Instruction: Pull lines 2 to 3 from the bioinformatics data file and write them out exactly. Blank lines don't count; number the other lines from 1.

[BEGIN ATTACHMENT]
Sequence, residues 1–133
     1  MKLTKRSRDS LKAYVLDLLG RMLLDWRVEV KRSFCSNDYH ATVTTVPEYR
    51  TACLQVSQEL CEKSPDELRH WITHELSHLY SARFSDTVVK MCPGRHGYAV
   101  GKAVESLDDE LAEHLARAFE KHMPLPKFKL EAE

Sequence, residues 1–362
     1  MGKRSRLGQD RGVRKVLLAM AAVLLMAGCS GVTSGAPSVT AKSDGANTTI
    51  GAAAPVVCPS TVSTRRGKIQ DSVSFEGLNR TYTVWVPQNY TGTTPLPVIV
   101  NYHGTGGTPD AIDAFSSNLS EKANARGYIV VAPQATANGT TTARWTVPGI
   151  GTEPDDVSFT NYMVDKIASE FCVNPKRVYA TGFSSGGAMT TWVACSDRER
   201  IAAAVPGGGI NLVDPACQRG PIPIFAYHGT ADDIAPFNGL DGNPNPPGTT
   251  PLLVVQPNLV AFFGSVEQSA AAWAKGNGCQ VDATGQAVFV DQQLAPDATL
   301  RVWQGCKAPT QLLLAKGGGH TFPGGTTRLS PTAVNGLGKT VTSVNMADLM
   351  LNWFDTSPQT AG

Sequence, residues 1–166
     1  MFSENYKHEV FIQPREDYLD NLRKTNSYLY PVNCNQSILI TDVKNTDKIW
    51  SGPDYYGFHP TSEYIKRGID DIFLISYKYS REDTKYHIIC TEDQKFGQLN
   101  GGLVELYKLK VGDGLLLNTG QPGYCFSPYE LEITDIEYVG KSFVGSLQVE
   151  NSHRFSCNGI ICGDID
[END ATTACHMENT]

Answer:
     1  MKLTKRSRDS LKAYVLDLLG RMLLDWRVEV KRSFCSNDYH ATVTTVPEYR
    51  TACLQVSQEL CEKSPDELRH WITHELSHLY SARFSDTVVK MCPGRHGYAV